Objectives: To characterize the clinical and genetic features of spinal bulbar muscular atrophy (SBMA), a rare neurodegenerative disorder caused by the expansion of a CAG repeat in the first exon of the androgen receptor gene, in the United Kingdom. Methods: We created a national register for SBMA in the United Kingdom and recruited 61 patients between 2005 and 2013. In our cross-sectional study, we assessed, by direct questioning, impairment of activities of daily living (ADL) milestones, functional rating, and subjective disease impact, and performed correlations with both CAG repeat size and degree of somatic mosaicism. Ten patients were deceased, 46 patients participated in the study, and 5 declined. Results: Subjects had an average age at onset of 43.4 years, and weakness onset most frequently occurred in the lower limbs (87%). Impaired mobility was the most frequently reported problem by patients, followed by bulbar dysfunction. Age distribution of the impairment of ADL milestones showed remarkable overlap with a Japanese study. We have identified a significant correlation between the number of CAG repeats and both age at onset and ADL milestones. Somatic mosaicism also showed a correlation with CAG expansion size and age at onset. Conclusions: Clinical features in SBMA show a substantial overlap when comparing populations with different genetic backgrounds. This finding has major implications, because multicenter trials will be necessary to obtain sufficient power in future clinical trials. Clinical-genetic correlations are strong in SBMA and should inform any clinical research strategy in this condition. PMID:24814851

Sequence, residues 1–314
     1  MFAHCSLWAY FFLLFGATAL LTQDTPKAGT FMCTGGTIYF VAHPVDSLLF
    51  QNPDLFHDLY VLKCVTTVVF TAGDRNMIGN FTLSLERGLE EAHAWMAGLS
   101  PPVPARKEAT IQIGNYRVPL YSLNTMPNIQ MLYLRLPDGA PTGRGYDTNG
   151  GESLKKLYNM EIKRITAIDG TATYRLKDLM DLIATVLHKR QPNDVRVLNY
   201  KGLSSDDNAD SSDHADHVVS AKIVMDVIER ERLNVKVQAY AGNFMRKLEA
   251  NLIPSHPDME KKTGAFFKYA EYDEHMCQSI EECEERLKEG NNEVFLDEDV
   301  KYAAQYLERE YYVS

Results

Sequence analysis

11. Upper Limb Assessment in Tetraplegia: Clinical, Functional and Kinematic Correlations

    ERIC Educational Resources Information Center

    Cacho, Enio Walker Azevedo; de Oliveira, Roberta; Ortolan, Rodrigo L.; Varoto, Renato; Cliquet, Alberto

    2011-01-01

    The aim of this study was to correlate clinical and functional evaluations with kinematic variables of upper limp reach-to-grasp movement in patients with tetraplegia. Twenty chronic patients were selected to perform reach-to-grasp kinematic assessment using a target placed at a distance equal to the arm's length. Kinematic variables (hand peak…

  12. Statistical aspect of translational and correlative studies in clinical trials

    PubMed Central

    Pang, Herbert; Wang, Xiaofei

    2015-01-01

    In this article, we describe statistical issues related to the conduct of translational and correlative studies in cancer clinical trials. In the era of personalized medicine, proper biomarker discovery and validation is crucial for producing groundbreaking research. In order to carry out the framework outlined in this article, a team effort between oncologists and statisticians is the key for success. PMID:26932435

  13. Severe Acute Respiratory Syndrome: Clinical Outcome and Prognostic Correlates1

    PubMed Central

    Kwok, Man Leung; Yuen, Hon; Lai, Sik To

    2003-01-01

    Severe acute respiratory syndrome (SARS) poses a major threat to the health of people worldwide. We performed a retrospective case series analysis to assess clinical outcome and identify pretreatment prognostic correlates of SARS, managed under a standardized treatment protocol. We studied 127 male and 196 female patients with a mean age of 41±14 (range 18–83). All patients, except two, received ribavirin and steroid combination therapy. In 115 (36%) patients, the course of disease was limited. Pneumonitis progressed rapidly in the remaining patients. Sixty-seven (21%) patients required intensive care, and 42 (13%) required ventilator support. Advanced age, high admission neutrophil count, and high initial lactate dehydrogenase level were independent correlates of an adverse clinical outcome. SARS-associated coronavirus caused severe illnesses in most patients, despite early treatment with ribavirin and steroid. This study has identified three independent pretreatment prognostic correlates. PMID:14519241